It’s crunch time for last-minute holiday shoppers
Hubble Smith / Las Vegas Review-Journal
It’s crunch time in the holiday shopping season, time to check your list twice and make one final drive to department stores and malls for those last-minute gifts.
“There’s a lot of shopping that hasn’t been done yet because of the weather,” he said. “We’re not used to bad weather. We don’t venture out in it much and that’s why the last few days will be crazy.”
Nearly one-third of consumers (32.4 percent) were expected to have their holiday shopping done by Dec. 18, but 11.9 percent said they wouldn’t be finished until Christmas Eve, according to a survey conducted by BIGresearch for Washington, D.C.-based National Retail Federation.
Men admitted to having completed slightly less shopping than women at this point.
Russell Thompson didn’t wait until the absolute last minute. He started shopping on a rainy Wednesday afternoon after work. It’s going to take him all night, driving from Best of the West shopping center to the Boulevard and Meadows malls, buying about $600 worth of gifts for his wife, two young sons, sister, brother, mom and dad.
“Hopefully I’ll finish today, probably midnight,” Thompson said. “I just hit Bed, Bath and Beyond and spent $100. I always say I’m going to do it throughout the season and I always do it at the end.”
With Christmas falling on a Saturday this year, retailers continued to promote aggressively in the weekdays leading up to it.
Macy’s offered coupons for $10 off clearance apparel and select home items. Dillard’s is selling Hampshire Studio ladies’ mockneck sweaters for $20, and Total Wine advertised several brands of sparkling wine for under $10.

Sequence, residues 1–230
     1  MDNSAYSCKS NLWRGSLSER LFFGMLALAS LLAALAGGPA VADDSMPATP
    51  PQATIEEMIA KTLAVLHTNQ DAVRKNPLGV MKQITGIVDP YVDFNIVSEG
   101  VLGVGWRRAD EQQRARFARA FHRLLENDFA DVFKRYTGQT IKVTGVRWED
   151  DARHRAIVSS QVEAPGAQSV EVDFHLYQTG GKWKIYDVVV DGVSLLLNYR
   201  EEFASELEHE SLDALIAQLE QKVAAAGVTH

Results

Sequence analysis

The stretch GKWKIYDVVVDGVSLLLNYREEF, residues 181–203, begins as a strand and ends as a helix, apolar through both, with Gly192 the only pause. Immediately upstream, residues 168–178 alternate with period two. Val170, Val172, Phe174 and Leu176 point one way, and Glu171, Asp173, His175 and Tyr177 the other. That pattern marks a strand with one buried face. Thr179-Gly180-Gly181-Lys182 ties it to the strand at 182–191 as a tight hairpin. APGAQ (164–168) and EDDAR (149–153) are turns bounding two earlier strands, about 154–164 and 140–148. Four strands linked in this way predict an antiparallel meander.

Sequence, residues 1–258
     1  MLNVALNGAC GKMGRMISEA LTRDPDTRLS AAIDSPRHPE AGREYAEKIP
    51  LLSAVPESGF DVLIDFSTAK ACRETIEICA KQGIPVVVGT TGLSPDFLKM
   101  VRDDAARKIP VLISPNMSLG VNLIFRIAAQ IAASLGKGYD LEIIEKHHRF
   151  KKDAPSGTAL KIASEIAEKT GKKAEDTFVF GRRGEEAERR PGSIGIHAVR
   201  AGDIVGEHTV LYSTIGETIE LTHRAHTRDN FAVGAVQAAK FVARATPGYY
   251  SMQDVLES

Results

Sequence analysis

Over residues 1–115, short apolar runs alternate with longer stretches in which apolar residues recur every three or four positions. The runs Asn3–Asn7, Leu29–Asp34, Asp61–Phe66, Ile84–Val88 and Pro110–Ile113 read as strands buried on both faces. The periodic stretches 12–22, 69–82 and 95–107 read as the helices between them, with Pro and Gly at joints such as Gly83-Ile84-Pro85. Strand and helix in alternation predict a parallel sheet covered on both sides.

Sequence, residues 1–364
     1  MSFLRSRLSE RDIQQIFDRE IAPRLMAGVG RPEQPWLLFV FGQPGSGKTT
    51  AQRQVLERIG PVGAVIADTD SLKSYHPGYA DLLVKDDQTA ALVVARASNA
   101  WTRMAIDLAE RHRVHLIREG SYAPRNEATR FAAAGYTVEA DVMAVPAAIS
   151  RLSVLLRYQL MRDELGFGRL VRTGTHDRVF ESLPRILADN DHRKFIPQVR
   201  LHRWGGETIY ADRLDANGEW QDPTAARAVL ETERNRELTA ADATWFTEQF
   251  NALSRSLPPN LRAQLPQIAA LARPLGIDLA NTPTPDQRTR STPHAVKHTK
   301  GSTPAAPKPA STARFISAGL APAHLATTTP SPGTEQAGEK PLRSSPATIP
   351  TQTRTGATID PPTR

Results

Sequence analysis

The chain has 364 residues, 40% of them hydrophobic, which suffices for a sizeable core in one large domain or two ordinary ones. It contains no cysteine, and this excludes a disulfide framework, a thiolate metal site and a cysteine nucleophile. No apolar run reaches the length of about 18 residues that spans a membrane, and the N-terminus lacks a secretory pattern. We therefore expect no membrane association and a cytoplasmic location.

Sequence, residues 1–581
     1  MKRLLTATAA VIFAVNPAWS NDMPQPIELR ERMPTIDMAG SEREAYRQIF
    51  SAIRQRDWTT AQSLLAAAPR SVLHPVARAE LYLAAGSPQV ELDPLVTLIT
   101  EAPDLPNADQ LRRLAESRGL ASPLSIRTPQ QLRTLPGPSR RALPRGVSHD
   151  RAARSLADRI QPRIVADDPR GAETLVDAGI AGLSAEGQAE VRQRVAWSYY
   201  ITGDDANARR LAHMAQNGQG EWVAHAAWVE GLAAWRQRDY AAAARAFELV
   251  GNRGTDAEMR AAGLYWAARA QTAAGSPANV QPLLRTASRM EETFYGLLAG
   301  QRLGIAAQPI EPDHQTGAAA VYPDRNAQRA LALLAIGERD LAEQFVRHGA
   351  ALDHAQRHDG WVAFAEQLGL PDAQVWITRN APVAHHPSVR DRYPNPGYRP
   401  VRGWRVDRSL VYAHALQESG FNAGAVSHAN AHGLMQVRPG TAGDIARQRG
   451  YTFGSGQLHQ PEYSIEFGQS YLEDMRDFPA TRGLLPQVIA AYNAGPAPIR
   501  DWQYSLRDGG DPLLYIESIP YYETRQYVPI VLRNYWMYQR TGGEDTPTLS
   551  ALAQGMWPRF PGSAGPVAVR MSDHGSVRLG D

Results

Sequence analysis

Shoppers are responding. The National Retail Federation revised its holiday sales figures upward to 3.3 percent, or $451 billion, from the original 2.3 percent estimate.
Macy’s reported a 6.1 percent increase in same-store sales for November and kept 14 stores open around the clock starting Tuesday, though not in Las Vegas.
“It’s well-known that at least half of the shopping that occurs during the holiday season happens during the last few weeks, making the final stretch of utmost importance to retailers,” retail federation president Matthew Shay said.
Retailers are reaching customers through social media outlets such as Twitter and Facebook, as well as iPhone applications that can be downloaded for free.
Of the people who said they used their smartphone to shop this holiday season, more than one-quarter have used the phone to make an actual purchase, BIGresearch found.
Clothes or clothing accessories (43.9 percent) are the biggest sellers. Books, CDs, DVDs, videos or video games (38.1 percent) have also been popular. Other top categories include toys (35.3 percent), gift cards (29.9 percent), consumer electronics (21.3 percent), food or candy (20.0 percent) and home decor (15.2 percent).
Larry Harrelson of Pahrump contributed to video game sales. He bought a Donkey Kong Wii game and Scooby Doo Nintendo game at Best Buy for his friend’s 7-year-old boy. It was the first time he’d done any Christmas shopping.
“None, zero. Just this,” the single man said. “I got talked into coming down here. This is it.”
A Best Buy employee said Saturday was the busiest day he’d seen all week, while another store employee who worked last year said it “gets crazy” on Christmas Eve, especially since it’ll be payday for a lot of people this year. Best Buy had six registers open for a line of 20 to 25 customers.